Konamitober Special: Memories of an Arcader

If you were a kid during the late 80s/early 90s and you saw a video game that caught your eye, or better yet, if you managed to see said game being played at a friend’s house or any toy/electronics store, you didn’t care all that much as to who made it. If the game was fun that was all you needed to know. Of course, as time went by and you got older you began to be curious as to who were the ones behind the scenes. Such was the case in my childhood/adolescence. Then when I read an interview with Shigeru Miyamoto about Star Fox 64 my curiosity began to grow, and when I finally got the Mega Man Anniversary Collection and saw the interview with Keiji Inafune that’s when I wanted to know all about how these games were made, and having watched Icons/Game Makers from G4 some of the stories are so interesting that they almost qualify as TV/Movie specials in and of themselves. To bring it back to what this is about, there was definitely some publishers that stood out during my NES days, and Konami was one of them, and it all started with some heroes in a half-shell, and a magazine called Nintendo Power.

Whenever I would go to my cousin’s house he would always have more games for his NES than I would, but I still got a kick out of playing Ducktales and this other game that gave me a shell shock-pun intended: Teenage Mutant Ninja Turtles.

Like every kid in the 80s, I watched the original TMNT show religiously, and there was just something about these four turtles that grabbed my attention. Seeing them in action was nothing short of awesome, and being able to play as them on a NES was definitely a must-play and a must-have on my list. And when I finally got a copy for Christmas I was over the moon.

You never forget your first video game magazine.

Not too long after that I got my first copy of Nintendo Power (Volume 27), and the article about Gradius 3 on the Super Nintendo was nothing short of incredible. Even showing the screenshots of previous titles like Life Force and Gradius 1 and how they compare to what the third installment would be – just wow!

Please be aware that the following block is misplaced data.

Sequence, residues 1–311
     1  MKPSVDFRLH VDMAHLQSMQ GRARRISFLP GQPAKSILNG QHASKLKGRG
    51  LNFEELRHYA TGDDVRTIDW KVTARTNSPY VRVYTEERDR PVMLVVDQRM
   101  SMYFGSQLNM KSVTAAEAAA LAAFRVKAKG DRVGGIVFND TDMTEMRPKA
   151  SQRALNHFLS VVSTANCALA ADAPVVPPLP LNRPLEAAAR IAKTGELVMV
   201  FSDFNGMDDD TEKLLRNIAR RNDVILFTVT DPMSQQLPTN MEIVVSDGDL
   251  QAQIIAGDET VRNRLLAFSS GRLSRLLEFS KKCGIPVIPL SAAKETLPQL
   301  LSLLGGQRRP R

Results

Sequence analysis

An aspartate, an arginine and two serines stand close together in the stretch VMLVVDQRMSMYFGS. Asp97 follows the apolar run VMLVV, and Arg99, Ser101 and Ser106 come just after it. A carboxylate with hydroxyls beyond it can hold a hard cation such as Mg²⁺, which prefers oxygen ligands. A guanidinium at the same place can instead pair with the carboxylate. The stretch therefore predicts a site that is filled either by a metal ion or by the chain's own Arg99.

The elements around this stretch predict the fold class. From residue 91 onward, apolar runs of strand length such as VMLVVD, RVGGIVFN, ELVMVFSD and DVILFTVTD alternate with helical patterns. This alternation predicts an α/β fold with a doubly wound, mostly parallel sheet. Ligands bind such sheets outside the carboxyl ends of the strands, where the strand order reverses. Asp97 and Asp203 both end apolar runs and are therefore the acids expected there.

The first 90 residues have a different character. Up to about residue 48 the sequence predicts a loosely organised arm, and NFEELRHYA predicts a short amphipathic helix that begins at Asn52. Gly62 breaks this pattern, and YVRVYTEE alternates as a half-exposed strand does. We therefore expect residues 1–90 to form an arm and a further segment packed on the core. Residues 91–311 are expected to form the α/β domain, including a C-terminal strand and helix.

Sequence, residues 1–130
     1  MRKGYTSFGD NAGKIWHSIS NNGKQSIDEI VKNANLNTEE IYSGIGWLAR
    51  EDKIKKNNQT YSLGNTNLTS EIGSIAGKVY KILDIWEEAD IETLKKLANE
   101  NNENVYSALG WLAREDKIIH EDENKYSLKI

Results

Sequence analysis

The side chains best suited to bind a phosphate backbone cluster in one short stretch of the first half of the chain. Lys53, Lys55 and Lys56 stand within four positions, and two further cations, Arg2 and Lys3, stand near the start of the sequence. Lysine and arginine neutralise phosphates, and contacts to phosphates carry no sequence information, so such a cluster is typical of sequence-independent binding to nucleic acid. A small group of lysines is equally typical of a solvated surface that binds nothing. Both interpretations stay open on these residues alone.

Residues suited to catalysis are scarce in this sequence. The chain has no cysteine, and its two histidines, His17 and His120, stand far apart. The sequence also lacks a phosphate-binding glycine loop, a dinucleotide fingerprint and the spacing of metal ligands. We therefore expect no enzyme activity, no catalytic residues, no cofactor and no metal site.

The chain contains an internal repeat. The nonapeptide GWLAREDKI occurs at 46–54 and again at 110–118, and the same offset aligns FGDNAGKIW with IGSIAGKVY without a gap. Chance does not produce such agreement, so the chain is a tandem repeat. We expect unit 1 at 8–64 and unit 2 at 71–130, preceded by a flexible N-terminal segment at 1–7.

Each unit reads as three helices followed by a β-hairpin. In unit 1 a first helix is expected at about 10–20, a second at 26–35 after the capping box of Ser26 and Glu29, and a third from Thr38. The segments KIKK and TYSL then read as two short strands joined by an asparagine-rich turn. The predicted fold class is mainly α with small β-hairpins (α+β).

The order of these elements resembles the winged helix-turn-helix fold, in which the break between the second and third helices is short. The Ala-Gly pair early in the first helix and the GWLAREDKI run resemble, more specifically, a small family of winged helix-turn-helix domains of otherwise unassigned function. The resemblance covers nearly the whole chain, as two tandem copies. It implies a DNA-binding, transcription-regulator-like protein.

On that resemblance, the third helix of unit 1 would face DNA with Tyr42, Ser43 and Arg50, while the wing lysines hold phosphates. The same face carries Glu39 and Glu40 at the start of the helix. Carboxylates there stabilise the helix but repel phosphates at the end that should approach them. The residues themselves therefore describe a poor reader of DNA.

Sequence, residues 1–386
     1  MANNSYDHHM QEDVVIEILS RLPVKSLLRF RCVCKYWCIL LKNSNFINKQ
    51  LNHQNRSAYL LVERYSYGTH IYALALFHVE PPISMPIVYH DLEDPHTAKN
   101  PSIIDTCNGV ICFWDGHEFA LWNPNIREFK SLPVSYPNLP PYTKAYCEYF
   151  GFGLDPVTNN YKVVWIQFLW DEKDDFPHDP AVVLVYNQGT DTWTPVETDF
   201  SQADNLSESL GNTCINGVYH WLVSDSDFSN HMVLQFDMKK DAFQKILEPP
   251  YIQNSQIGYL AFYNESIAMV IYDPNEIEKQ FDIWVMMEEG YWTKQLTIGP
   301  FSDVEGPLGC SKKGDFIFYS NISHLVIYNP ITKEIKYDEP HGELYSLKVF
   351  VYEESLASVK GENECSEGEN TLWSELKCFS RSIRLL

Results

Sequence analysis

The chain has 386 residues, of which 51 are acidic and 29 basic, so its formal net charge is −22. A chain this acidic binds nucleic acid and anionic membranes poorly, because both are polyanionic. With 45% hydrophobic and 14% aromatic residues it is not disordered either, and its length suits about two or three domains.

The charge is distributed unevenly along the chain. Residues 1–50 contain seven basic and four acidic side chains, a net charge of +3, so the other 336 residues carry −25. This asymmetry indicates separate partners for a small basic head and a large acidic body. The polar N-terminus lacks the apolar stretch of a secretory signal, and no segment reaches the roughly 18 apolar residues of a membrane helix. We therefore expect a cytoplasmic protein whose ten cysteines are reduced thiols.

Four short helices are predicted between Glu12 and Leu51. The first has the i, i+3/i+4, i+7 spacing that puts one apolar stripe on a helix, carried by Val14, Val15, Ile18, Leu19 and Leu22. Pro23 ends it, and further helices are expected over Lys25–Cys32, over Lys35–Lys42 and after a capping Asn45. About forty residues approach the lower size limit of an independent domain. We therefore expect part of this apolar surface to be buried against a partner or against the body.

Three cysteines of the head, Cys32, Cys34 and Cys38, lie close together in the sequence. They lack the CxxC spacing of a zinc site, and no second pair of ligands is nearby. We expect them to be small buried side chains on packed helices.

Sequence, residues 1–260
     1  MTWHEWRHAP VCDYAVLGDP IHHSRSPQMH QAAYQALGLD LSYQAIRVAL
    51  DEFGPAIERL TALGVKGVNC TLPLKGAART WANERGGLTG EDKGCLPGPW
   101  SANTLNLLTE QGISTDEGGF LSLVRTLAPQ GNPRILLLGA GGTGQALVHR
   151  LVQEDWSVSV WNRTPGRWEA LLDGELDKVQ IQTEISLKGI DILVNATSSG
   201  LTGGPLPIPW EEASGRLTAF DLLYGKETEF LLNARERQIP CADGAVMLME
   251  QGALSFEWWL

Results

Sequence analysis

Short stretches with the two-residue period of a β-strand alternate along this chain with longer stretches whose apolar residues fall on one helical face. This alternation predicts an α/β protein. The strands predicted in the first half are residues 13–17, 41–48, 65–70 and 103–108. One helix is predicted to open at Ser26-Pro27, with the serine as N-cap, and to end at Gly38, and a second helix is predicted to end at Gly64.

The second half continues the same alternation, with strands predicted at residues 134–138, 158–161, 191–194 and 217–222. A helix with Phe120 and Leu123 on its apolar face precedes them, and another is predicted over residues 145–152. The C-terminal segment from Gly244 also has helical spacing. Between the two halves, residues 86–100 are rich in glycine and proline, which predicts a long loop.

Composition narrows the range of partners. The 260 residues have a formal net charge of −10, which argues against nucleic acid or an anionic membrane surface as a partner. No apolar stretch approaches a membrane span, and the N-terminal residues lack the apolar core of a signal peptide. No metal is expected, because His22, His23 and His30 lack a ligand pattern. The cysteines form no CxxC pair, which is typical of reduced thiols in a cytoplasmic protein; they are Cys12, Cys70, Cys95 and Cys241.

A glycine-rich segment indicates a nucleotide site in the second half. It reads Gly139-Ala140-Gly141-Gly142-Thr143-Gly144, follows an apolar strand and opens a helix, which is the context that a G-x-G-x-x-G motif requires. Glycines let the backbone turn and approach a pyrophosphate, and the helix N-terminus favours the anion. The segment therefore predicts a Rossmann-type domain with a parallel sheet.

While I am still waiting for the SNES version to make its way to the SNES app, I’m content with what I have (Gradius on my NES app, and the Arcade Archives version on my Switch), and having beaten Gradius 1 I see now why it is such a classic, and one that never gets old.

Then many years that I discovered Contra 3: The Alien Wars which was a whole other experience. I mean, c’mon, what could be better than blasting away at alien invaders on a side-scrolling platformer?

Many more years later I discovered Yu-Gi-Oh, and I gained a whole new appreciation for card-based games.

In all, Konami had definitely helped shape my childhood early on, and that impact still lingers to this day, especially now with many classics now available to play in various ways, and with the compilation many Arcaders had been waiting for: The TMNT Cowabunga Collection!

Even now, it’s still amazing to see this.

While it would be nice to see Konami back in the limelight more, I am still glad for the memories their games made, and it showed that thanks to their contributions early on, Konami cemented themselves as a true developer/publisher, and one that helped push the Arcade, as well as the 8-Bit/16-Bit console eras into the true Golden Ages that they were.

Thank you Konami, and Cowabunga!

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